Bedroom tax could "cost more than it saves"
THE government’s controversial “bedroom tax” could end up costing more than it saves, Bolton housing bosses claim.
And government demands to build larger properties means there is no immediate solution to the chronic shortage of one bedroom homes.
Introduced in April, the underoccupancy charge reduces housing benefit for tenants in social housing if their property is deemed too big for their needs.
The government says the move will “reintroduce fairness” into the system and free up larger properties for families currently languishing on waiting lists.
But opponents have branded the charge “bedroom tax” and claim it hits the poorest and most vulnerable hardest.
Bolton’s biggest social landlord Bolton at Home has announced a new “no homelessness” policy, which would guarantee tenants who are in arrears because if the charge a new home.
But chiefs have hit out at the charge itself, claiming it could end up costing more than it saves.
Ian Ankers, director of housing services at Bolton at Home, said there had been a case where a tenant had been downsized from a £75-a-week property to a private rented home costing £95-a-week.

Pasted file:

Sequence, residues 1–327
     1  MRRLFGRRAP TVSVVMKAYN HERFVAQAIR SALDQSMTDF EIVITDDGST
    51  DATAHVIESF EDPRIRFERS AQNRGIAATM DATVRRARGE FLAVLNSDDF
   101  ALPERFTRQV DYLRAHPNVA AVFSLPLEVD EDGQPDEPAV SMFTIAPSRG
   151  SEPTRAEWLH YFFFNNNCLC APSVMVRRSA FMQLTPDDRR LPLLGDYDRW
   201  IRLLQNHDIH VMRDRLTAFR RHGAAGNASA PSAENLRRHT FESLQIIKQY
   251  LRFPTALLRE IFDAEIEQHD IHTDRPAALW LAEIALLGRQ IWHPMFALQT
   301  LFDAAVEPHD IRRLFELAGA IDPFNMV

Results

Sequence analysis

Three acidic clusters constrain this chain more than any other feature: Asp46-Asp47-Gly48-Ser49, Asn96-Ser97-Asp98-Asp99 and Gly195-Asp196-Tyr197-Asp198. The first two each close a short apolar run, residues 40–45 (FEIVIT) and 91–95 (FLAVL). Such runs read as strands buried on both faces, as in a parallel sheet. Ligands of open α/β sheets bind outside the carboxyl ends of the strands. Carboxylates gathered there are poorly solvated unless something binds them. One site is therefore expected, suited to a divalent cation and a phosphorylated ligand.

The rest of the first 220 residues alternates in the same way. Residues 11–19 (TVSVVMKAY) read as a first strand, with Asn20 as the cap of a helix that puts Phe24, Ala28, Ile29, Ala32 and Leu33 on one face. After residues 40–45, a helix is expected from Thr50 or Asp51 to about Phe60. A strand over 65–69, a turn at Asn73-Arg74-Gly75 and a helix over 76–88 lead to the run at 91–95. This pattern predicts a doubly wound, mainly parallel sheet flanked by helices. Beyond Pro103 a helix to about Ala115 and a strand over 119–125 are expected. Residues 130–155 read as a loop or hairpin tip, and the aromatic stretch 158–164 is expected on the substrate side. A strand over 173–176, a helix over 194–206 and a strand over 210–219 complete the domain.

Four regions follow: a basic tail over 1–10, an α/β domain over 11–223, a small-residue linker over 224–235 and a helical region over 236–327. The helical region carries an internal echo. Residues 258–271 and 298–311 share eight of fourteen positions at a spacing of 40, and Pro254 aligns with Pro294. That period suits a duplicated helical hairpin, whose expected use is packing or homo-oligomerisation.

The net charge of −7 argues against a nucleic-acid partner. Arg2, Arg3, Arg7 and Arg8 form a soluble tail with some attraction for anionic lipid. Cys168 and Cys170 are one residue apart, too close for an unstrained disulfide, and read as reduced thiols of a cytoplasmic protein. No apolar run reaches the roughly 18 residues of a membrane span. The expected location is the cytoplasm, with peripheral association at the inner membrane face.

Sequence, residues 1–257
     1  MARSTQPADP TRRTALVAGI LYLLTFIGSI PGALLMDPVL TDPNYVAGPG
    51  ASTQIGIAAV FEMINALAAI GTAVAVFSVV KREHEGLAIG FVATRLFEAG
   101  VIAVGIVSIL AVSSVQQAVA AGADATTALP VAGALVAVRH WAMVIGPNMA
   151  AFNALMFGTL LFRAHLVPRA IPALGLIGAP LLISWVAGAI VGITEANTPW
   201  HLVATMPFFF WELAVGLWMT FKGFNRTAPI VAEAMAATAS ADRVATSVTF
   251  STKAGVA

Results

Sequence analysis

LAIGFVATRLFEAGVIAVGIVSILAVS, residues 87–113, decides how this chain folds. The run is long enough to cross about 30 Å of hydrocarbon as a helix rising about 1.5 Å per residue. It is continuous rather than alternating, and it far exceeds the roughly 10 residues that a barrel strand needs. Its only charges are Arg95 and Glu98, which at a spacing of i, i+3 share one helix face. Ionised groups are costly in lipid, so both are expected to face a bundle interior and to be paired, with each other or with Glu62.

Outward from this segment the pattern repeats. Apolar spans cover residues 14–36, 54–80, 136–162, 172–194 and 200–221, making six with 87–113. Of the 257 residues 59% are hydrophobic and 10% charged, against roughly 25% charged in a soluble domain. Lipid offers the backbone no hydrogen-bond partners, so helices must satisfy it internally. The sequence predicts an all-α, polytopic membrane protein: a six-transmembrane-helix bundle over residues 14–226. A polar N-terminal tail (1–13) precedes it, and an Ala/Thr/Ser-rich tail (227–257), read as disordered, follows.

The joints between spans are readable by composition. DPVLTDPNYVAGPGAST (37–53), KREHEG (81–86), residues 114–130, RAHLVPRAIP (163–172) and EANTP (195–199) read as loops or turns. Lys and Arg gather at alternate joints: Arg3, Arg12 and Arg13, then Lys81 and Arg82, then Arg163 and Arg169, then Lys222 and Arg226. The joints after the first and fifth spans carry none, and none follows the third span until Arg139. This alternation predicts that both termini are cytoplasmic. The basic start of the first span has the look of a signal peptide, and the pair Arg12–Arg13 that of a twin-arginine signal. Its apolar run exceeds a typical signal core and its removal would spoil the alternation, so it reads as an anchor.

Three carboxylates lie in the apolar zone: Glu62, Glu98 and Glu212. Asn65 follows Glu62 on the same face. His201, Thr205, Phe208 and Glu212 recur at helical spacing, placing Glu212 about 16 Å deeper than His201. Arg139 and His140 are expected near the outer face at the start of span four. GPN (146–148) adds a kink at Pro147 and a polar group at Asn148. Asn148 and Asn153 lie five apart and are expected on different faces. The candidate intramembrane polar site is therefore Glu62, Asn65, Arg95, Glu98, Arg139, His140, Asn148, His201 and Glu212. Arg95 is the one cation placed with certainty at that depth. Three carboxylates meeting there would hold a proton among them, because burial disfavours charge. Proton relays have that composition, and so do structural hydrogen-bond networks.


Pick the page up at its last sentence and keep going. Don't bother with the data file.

He added: “The bedroom tax is probably going to cost more than it saves.
“It’s taking £1.5 million a year out of tenants’ money, “And when you consider things like rehousing people and the disruption of downsizing, there’s growing evidence it’s going to put the cost of housing benefit up not down.”
A major criticism levelled at the policy by opponents is a lack of available properties for people to downsize, particularly one bedroom homes.
But Jon Lord, chief executive at Bolton at Home, said in the past the government had placed an emphasis on building larger properties.
He added: “We put our last round of bids in for new build two-and-a-half years ago.
“The main standard they expected to see was two bedrooms, if we’d gone in with one bedroom we’d have been unsuccessful.
“This is a three year programme where we’re building mainly two bedroom properties.”
Mr Ankers added: “Housing stock is getting squeezed because people are desperate to downsize.”
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